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Reconsidering Judicial Independence: Forty-Five Years In The Trenches And In The Tower, Stephen B. Burbank 2019 University of Pennsylvania Law School

Reconsidering Judicial Independence: Forty-Five Years In The Trenches And In The Tower, Stephen B. Burbank

Faculty Scholarship at Penn Law

Trusting in the integrity of our institutions when they are not under stress, we focus attention on them both when they are under stress or when we need them to protect us against other institutions. In the case of the federal judiciary, the two conditions often coincide. In this essay, I use personal experience to provide practical context for some of the important lessons about judicial independence to be learned from the periods of stress for the federal judiciary I have observed as a lawyer and concerned citizen, and to provide theoretical context for lessons I have deemed significant as ...


Whose Market Is It Anyway? A Philosophy And Law Critique Of The Supreme Court’S Free-Speech Absolutism, Spencer Bradley 2019 Penn State Dickinson Law

Whose Market Is It Anyway? A Philosophy And Law Critique Of The Supreme Court’S Free-Speech Absolutism, Spencer Bradley

Dickinson Law Review

In the wake of Charlottesville, the rise of the alt-right, and campus controversies, the First Amendment has fallen into public scrutiny. Historically, the First Amendment’s “marketplace of ideas” has been a driving source of American political identity; since Brandenburg v. Ohio, the First Amendment protects all speech from government interference unless it causes incitement. The marketplace of ideas allows for the good and the bad ideas to enter American society and ultimately allows the people to decide their own course.

Yet, is the First Amendment truly a tool of social progress? Initially, the First Amendment curtailed war-time dissidents and ...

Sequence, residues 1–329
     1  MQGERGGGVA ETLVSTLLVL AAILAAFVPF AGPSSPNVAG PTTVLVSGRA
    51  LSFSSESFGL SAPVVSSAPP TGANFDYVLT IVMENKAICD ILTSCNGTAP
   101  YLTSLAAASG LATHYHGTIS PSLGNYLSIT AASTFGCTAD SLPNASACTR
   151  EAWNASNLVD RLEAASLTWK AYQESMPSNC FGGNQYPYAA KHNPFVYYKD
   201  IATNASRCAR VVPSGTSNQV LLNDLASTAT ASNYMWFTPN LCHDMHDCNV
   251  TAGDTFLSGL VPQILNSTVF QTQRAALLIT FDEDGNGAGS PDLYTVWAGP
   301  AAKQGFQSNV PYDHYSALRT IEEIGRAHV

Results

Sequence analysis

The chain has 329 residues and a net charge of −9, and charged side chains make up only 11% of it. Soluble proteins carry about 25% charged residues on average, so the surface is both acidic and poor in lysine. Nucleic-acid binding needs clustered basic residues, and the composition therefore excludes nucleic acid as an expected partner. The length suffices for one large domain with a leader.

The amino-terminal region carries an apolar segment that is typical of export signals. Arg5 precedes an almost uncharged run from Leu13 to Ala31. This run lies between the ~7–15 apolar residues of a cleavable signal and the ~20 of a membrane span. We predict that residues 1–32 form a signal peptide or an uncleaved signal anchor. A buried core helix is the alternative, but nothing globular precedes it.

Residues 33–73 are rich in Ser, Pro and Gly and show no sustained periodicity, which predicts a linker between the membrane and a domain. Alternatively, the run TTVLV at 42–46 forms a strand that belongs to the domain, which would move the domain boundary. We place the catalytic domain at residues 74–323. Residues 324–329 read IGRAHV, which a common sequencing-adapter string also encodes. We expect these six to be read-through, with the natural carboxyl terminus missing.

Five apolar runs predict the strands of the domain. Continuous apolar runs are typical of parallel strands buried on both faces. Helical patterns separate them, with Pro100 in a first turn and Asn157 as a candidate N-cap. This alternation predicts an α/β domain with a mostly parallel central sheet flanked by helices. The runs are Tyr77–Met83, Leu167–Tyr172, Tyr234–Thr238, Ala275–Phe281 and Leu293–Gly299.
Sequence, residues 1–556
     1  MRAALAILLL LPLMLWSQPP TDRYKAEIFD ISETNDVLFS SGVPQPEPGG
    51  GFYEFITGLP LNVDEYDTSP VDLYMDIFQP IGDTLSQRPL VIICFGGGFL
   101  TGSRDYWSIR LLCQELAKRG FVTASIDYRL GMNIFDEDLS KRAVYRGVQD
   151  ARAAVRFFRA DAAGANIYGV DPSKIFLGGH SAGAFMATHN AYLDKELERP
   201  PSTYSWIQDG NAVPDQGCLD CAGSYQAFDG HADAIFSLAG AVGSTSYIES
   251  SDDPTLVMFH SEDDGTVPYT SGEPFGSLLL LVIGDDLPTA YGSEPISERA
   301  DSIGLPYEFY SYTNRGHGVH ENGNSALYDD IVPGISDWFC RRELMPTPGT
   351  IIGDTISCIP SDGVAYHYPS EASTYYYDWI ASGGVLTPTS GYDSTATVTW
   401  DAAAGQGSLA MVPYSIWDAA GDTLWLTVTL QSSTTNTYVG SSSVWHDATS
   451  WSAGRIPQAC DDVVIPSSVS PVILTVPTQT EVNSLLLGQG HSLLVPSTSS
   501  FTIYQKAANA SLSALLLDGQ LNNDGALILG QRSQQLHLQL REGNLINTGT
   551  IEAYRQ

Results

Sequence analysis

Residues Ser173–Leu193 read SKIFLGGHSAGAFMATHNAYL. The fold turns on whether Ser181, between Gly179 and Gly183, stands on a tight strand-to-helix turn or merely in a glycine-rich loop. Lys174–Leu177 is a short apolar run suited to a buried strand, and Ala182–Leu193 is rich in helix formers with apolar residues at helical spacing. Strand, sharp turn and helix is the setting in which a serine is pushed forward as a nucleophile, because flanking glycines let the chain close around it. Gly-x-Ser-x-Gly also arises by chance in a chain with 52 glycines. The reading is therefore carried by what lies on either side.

On Being Old Codgers: A Conversation About A Half Century In Legal Education, Mark Tushnet, Louis Michael Seidman 2019 Harvard Law School

On Being Old Codgers: A Conversation About A Half Century In Legal Education, Mark Tushnet, Louis Michael Seidman

Georgetown Law Faculty Publications and Other Works

This conversation, conducted over three evenings, captures some of our thoughts about the last half century of legal education as both of us near retirement. We have edited the conversations so as to eliminate verbal stumbles and present our ideas more coherently, slightly reorganized a small part of the conversation, and added a few explanatory footnotes. However, we have attempted to keep the informal tone of our discussions.


The Declaration Of Independence And The American Theory Of Government: “First Come Rights, And Then Comes Government”, Randy E. Barnett 2019 Georgetown University Law Center

The Declaration Of Independence And The American Theory Of Government: “First Come Rights, And Then Comes Government”, Randy E. Barnett

Georgetown Law Faculty Publications and Other Works

The topic of this panel is the Declaration of Independence, to which I devoted a chapter of my recent book, Our Republican Constitution. I want to draw on that book to make five points.


Comparisons Of The Soul: A Foucauldian Analysis Of Reasonable Doubt, Jeri Mallory 2019 Claremont Colleges

Comparisons Of The Soul: A Foucauldian Analysis Of Reasonable Doubt, Jeri Mallory

Scripps Senior Theses